The Stand (June 27, 2022) — Amid attacks on abortion rights, unions must fight back (by Shaunie Wheeler James and Cherika Carter) — Organized labor has the tools to transform protests into concrete actions defending bodily autonomy.
► From KIRO — Everett firefighter’s union speaks on ‘severe’ staffing crisis amid pending Providence nurses strike — Nurses at Everett’s Providence Regional Medical Center are just one week away from a five-day strike. The nurses union said that staffing issues have sent ER wait times soaring, and now firefighters are sounding the alarm, too. “The staffing emergency at Providence Hospital is an emergency to all of us,” said firefighter and paramedic Don Huffman. He’s also the president of Everett’s firefighter’s union and is vocal about the need for more Providence nurses.
The Stand (Nov. 6) — Nurses at Providence Everett announce plans for ULP strike
► From KOMO — Bethel school bus drivers picket at district office, demand solution to staff shortage — After waiting months with no solution to the school bus driver shortage at the Bethel School District, about two dozen current and former drivers held an informational picket outside the district headquarters on Tuesday.
► From KING — Olympia School District weighs possible school closures amid budget concerns — In a committee’s preferred plan, Jefferson students would be pushed into Thurgood Marshall Middle School, and Reeves students would be pushed into Washington Middle.
► From the Oregonian — Portland teacher strike: Schools will be closed Wednesday, but mediator absence averted — After a day of back and forth Tuesday over whether the next in-person negotiating session would have to be postponed until Friday because the state mediator assigned to aid bargaining faced other work obligations, Gov. Tina Kotek’s office said late Tuesday that the mediator’s services would be available Wednesday after all.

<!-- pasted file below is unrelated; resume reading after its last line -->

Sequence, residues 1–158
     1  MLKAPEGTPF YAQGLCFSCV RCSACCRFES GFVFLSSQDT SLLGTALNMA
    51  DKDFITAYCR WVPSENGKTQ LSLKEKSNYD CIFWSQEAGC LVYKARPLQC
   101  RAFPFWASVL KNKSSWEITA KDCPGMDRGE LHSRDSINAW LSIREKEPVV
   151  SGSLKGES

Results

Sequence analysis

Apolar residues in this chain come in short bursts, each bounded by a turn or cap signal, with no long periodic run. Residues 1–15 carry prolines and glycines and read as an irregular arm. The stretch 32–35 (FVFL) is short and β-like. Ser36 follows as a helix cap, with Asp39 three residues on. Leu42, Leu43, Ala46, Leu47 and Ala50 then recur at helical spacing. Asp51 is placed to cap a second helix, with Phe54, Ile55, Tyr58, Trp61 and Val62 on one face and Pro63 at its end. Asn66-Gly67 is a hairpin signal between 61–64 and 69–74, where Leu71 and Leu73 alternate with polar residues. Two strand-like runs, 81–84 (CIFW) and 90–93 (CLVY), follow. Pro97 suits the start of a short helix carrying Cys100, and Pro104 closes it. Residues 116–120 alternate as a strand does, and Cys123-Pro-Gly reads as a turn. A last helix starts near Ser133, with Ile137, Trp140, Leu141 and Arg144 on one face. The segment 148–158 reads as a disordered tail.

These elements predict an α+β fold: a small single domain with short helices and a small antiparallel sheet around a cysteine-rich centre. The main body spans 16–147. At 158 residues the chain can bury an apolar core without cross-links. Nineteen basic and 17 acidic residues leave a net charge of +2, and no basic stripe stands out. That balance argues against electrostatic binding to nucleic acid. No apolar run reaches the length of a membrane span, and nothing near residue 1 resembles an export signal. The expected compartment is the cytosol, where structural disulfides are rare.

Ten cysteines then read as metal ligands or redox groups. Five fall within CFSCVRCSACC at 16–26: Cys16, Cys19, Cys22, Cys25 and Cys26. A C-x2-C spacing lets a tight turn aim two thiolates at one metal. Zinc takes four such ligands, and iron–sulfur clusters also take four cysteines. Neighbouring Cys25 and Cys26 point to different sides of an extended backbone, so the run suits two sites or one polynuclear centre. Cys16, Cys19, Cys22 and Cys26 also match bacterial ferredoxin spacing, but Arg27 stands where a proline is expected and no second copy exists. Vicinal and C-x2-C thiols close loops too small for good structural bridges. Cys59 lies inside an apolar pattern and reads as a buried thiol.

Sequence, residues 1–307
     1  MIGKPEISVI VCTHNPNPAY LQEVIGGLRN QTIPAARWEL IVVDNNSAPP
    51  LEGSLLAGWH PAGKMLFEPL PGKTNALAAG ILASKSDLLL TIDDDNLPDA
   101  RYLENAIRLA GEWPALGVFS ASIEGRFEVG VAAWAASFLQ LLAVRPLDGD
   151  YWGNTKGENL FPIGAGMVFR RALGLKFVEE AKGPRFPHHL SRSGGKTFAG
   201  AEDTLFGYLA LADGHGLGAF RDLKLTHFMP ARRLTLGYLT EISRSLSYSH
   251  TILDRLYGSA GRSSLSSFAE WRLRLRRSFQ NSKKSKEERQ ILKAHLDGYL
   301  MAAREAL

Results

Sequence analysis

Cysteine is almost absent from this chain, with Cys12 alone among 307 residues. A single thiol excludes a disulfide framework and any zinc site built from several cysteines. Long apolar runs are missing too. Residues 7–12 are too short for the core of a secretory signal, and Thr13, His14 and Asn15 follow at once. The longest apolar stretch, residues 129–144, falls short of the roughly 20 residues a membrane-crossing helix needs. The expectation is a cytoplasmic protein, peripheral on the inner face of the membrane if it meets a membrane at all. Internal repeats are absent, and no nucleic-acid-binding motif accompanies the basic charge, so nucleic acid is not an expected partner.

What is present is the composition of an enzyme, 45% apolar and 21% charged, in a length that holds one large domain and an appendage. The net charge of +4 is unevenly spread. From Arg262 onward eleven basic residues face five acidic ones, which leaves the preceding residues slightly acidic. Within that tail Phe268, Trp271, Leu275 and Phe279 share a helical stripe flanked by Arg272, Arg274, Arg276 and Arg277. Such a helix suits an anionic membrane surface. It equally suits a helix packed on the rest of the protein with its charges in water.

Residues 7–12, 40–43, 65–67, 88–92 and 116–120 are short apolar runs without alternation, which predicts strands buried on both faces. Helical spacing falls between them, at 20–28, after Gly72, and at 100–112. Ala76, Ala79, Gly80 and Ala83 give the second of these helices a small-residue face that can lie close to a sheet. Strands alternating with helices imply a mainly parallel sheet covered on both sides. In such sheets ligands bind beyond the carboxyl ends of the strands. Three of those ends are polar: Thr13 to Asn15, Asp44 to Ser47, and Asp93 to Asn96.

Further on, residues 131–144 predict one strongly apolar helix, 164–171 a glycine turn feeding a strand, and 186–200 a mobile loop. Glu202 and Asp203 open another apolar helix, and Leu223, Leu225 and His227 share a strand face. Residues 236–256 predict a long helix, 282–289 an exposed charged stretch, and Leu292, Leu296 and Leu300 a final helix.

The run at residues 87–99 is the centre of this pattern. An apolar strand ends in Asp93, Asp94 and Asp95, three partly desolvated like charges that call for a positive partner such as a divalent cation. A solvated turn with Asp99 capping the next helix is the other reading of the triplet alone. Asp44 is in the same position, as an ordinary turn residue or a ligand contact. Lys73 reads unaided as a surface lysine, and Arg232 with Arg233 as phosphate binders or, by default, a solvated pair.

► From KIMA — Yakima families benefit from newly implemented Working Families Tax Credit: Thousands still eligible to apply — For the first time this year, families were able to apply to get over a thousand dollars back through the Working Families Tax Credit. The program is designed to give $300 to $1,200 per year back to nearly 400,000 taxpayers to help balance Washington’s “upside down tax code.”
The Stand (Nov. 7) — Over $108M refunded through Working Families Tax Credit
► From the WA State Standard — Washington makes its biggest forestland purchase in more than a decade — The land in southwest Washington will be used for logging. Elected leaders in the region applauded the deal.